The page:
The White Lily Blog


Weird Echo of AMORIS LÆTITIA
May 19, 2017, 9:54 am
Filed under: Vatican II | Tags: , , , ,

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To start with something positive, always recommended, the authors of a recent post by ever fecund Mercatornet do really understand how special the family is. They call it the nuclear family, doubtless playing on the negative associations with the word nuclear, but it is the Christian family of which they speak, and yes, it is very very special. And they say it must be completely destroyed because it makes marriage too special. Continue reading



Holy War, or Secular War?
July 31, 2016, 12:20 pm
Filed under: Uncategorized | Tags: , , ,

France Hostage Taking

 

Was the horrific death of Father Jacques Hamel in a rural parish in Rouen, France, a martyrdom, or a murder?

It is more than an intellectual distinction both to Father Hamel–as a Get-Out-of-Purgatory-Free Card due to all bona fide martyrs–and to us. The conditions for martyrdom link to major issues: is the Church we see the True Faith? Is SSPX still strong in its opposition to Vatican II?

Continue reading



Sarah Says Turn and Face Your God

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I am reading Zola’s work on Lourdes. It focuses on that most extreme contradiction between our Faith and modernism, when the doctors have given up on certain hard cases, and in desperation the suffering people bring their awful pain to Our Lady at Lourdes and ask for a miracle.

A miracle. God intervening in our behalf to reverse nature and to cure us. Continue reading



Trabbic: ‘Vatican II does not Contradict Ottaviani on the Matter of Church and State.’ No, Really!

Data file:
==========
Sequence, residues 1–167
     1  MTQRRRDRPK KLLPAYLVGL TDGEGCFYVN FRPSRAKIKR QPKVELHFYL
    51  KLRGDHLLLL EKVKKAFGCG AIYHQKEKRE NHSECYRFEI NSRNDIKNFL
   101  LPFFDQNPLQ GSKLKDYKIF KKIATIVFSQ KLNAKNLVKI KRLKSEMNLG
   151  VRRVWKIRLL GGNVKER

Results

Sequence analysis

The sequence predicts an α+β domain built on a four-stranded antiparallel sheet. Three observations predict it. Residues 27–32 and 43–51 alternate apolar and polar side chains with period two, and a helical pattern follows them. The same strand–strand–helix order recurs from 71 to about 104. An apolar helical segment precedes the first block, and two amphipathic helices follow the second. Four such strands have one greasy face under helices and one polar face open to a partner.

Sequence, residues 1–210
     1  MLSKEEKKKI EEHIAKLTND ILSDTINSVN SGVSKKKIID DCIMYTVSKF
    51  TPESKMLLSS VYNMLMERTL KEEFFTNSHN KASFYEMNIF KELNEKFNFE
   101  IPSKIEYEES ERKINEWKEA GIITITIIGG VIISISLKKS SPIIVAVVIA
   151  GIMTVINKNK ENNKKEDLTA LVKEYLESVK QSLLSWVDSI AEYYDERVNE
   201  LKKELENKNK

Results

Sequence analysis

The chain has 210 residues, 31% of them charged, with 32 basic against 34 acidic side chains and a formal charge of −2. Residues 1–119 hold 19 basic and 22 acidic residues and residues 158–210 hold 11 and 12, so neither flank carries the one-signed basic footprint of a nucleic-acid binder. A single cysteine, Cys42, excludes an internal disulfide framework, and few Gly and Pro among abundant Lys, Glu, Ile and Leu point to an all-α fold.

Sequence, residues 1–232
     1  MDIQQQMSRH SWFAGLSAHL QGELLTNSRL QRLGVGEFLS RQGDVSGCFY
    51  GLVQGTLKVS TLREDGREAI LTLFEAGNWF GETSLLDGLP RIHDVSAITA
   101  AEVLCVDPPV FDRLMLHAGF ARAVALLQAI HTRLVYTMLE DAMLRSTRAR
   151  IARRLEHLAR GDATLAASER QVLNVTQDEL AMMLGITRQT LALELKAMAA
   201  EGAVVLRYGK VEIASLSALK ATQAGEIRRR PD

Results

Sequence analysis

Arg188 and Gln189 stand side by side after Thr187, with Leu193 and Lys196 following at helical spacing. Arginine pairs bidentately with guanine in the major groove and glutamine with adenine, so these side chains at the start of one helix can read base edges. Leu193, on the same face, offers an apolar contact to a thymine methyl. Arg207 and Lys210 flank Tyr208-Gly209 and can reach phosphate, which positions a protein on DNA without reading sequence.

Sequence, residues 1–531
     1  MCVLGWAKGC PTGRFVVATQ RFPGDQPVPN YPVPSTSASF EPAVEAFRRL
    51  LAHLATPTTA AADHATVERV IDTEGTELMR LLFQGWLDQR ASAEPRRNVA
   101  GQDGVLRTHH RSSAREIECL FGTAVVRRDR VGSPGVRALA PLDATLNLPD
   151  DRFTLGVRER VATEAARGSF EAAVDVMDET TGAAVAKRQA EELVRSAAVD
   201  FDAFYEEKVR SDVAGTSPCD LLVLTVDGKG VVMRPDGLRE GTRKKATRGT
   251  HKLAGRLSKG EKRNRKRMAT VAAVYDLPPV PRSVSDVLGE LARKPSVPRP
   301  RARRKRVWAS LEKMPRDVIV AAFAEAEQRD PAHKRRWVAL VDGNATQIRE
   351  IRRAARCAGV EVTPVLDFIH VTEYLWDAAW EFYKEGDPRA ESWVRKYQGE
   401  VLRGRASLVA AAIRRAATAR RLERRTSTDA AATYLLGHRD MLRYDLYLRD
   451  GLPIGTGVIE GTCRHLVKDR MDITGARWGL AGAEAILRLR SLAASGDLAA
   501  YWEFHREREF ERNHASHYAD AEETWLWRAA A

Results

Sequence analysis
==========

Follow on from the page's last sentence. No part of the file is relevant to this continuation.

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So said Crisis magazine when it published a Vatican II apologia by Dr. Joseph Trabbic, “Vatican II Does Not Contradict Ottaviani on the Matter of Church and State” (his doctorate is from Fordham, 2008). Nothing to see here, folks, just move on! This is the tiresome refrain from those who have accommodated themselves to the post-council Church. A lot of the time they’re making their living from it. Continue reading



Shepherds Run, Advise Flock To Fight the Wolves

Former pope Benedict XVI and present pope Francis are not opposites, and Joseph Ratzinger is not a friend to tradition, in spite of the enthusiastic assertions  to the contrary resurrected by the synod on the family, where we euphorically applauded bishops who voted no to the most extreme modernist positions but kept Ratzinger’s language on the subject, his still-standing prohibition against ‘discrimination’ directed at homosexual behavior. This is a position only slightly less liberal than the Synod’s rejected paragraphs, and was the potent seed, the legal door,  for the two decades past of the homosexual marriage movement, who seized their chance in this chink in the Catholic defense against sodomy. To make us unable to discriminate against them on pain of sin is all they needed to win everything they wanted, an inability to discriminate against them on pain of law: no discrimination in jobs, in housing, in the military,  in ‘marriage,’ and there is no leeway in the prohibition to deny them communion in the near future. With that single potent legal phrase, Ratzinger enabled the Democratic party to pursue its sex socialist agenda.  Trad hero?

Rorate Caeli’s translation of Ratzinger’s first public statement following his resignation proves the point.   Continue reading



Tea Party, or Sex Socialism? You Decide!

A post on Italian blog Cordialiter  was re-posted recently with commentary on Rorate Caeli.  Cordialiter says Catholics must not get trapped in the box the media has prepared for it, a false choice between Tea Party traditionalism or Socialist-flavored modernism. The blog says on the contrary, traditionalists must be ‘”True friends of the poor” and proceeds not exactly to say how to do that, but very definitely how not to do so: by accepting the perks of middle class existence, ignoring the social issues and focusing on worthy liturgy. That would be wrong, in Cordialiter’s thinking.

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Fashion and Faith, Again
June 10, 2014, 2:18 pm
Filed under: Culture and Catholicism, Uncategorized | Tags: , , ,

It is Pentecost Sunday at a traditional Catholic church west of Chicago. It is June, cooler this morning than yesterday, with a little rain and thunder during the night so that the air is utterly clear of moisture, and in the diamond-bright lemon-yellow sunshine pouring full upon us from the east stained glass, every dressing of the altar is in sharp focus. Continue reading